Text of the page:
The main biological actions of GLP-2 are related to the regulation of energy absorption and maintenance of mucosal morphology, function, and integrity of the intestine and are mediated by the activation of a specific receptor, the GLP-2R (1).  Our laboratory has analyzed different actions  of GLP-2 (2-9) and previously showed that GLP-2 is involved in the regulation of the small intestine morphological changes following chronic high fat diet (HFD) (10). Indeed, the chronic treatment with the GLP-2R antagonist, GLP-2 (3–33), reduces the increase in crypt–villus height and in the cell number per villus in HFD mice. In the present study, we hypothesized  that changes in mucosal morphology induced by chronic treatment with the GLP-2R antagonist, GLP-2 (3-33),  are associated with changes in glucose homeostasis.

 

 

fig.1Fig. 1: Blood glucose concentrations during intraperitoneal glucose tolerance test in high-fat fed mice injected for 4 weeks with PBS (vehicle), GLP-2 (3-33) (60 ng), or  Gly2-GLP-2 (5 µg) once a day. Mice were intraperitoneally injected with 2 mg/kg glucose solution and blood glucose was measured at 0 min (before glucose injection) and at 15, 30, 60, 90 and 120 min (after glucose injection) by tail vein using a commercial glucometer.  *P < 0.05 compared with PBS.

 

Indeed, mice after 10 weeks on high fat diet, have greater mass gain compared to standard diet fed mice, display hyperglycemia, an impaired glycemic response following intraperitoneal glucose load, high plasma insulin level after glucose load, increased pancreas weight and β cell expansion, but not insulin resistance. In HFD fed mice, GLP-2 (3-33) treatment for four weeks (from the sixth to the tenth week of diet) does not affect fasting glycaemia, but it significantly increases the glucose intolerance (Fig. 1), enhances both fasting and glucose-induced insulin concentrations, and reduces the sensitivity to exogenous insulin (Fig. 2). Therefore, the impairment of the GLP-2R signaling accelerates the process leading to insulin resistance in HFD mice and suggests that GLP-2  may act as a protective factor against the deregulation of the glucose metabolism.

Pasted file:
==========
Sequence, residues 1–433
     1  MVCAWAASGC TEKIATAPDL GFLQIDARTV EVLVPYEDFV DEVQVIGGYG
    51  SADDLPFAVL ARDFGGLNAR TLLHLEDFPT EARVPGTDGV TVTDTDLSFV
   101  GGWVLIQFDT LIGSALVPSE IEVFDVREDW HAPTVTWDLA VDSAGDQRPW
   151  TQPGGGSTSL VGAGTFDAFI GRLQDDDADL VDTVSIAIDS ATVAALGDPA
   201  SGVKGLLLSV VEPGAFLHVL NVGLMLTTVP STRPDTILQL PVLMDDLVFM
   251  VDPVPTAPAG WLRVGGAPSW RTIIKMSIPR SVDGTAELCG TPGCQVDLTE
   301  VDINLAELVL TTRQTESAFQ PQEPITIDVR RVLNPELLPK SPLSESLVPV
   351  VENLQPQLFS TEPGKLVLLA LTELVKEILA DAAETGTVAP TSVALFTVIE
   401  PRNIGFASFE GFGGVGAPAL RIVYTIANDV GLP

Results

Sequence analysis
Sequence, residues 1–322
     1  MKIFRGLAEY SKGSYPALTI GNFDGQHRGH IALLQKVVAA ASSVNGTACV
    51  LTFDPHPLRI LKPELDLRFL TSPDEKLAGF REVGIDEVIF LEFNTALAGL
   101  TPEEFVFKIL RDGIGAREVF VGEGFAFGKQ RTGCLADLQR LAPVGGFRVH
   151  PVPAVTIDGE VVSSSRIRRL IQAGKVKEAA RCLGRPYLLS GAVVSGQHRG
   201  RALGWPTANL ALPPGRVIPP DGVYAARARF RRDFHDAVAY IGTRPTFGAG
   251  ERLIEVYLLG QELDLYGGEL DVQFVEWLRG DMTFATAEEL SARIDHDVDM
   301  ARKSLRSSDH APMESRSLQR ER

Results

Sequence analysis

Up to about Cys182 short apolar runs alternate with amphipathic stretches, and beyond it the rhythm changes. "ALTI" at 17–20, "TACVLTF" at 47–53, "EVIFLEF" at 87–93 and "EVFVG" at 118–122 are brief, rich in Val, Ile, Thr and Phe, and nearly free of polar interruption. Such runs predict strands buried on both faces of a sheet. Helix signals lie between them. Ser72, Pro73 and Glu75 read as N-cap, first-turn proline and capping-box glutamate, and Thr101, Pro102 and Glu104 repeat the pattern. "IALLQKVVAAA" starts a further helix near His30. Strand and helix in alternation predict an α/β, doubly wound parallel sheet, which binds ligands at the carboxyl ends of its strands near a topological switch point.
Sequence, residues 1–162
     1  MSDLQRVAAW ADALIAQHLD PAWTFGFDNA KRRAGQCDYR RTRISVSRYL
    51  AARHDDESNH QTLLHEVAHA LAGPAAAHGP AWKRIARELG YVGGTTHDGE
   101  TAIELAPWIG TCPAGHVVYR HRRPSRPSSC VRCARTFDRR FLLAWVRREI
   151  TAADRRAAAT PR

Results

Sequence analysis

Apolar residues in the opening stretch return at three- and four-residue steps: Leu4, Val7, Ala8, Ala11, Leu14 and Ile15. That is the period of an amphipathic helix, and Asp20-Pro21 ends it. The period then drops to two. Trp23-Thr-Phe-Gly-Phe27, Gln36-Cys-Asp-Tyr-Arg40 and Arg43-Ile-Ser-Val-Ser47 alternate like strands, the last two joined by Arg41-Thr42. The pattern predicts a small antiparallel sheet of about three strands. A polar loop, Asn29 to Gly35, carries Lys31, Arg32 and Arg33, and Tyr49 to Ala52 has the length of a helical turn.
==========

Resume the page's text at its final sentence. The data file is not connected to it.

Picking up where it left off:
Interestingly, in a subsequent study we found that long-term exposure to GLP-2 stable analogue improves the obesity-related glucose dysmetabolism in a concentration-dependent manner. In fact, HFD mice treated with pharmacological doses of Gly2-GLP-2 for four weeks show significant increase in glucose tolerance and exogenous insulin sensitivity (Figs. 1 and 2), reduction in glucose-stimulated plasma insulin levels in comparison with pair-aged HFD untreated animals, suggesting that the peptide is able to delay the onset of insulin resistance (11).

In conclusion, our findings suggest that endogenous GLP-2 is functionally important for the maintenance of glucose homeostasis in HFD mice because loss of the GLP-2R signaling worsens glucose control leading to insulin resistance. Although the mechanisms underlying the beneficial impact of GLP-2 on glucose metabolism remain to be established and results from human studies so far remain inconsistent, greater attention should be given to investigating on this hormone and its receptor as targets for treatment of obesity-associated diabetes also in consideration of the chemical strategies for the design of multifunctional peptides.

 

 

Figura 2 ITTFig. 2: Blood glucose concentrations during insulin tolerance test in high-fat fed mice injected for 4 weeks with PBS (vehicle), GLP-2 (3-33) (60 ng), or  Gly2-GLP-2 (5 µg) once a day. Mice were intraperitoneally injected with insulin (0.5 U/kg) and blood glucose was measured up to 120 min (0,15, 30, 60, 90, 120 min) by tail vein using a commercial glucometer. *P < 0.05 compared with PBS.

 

REFERENCES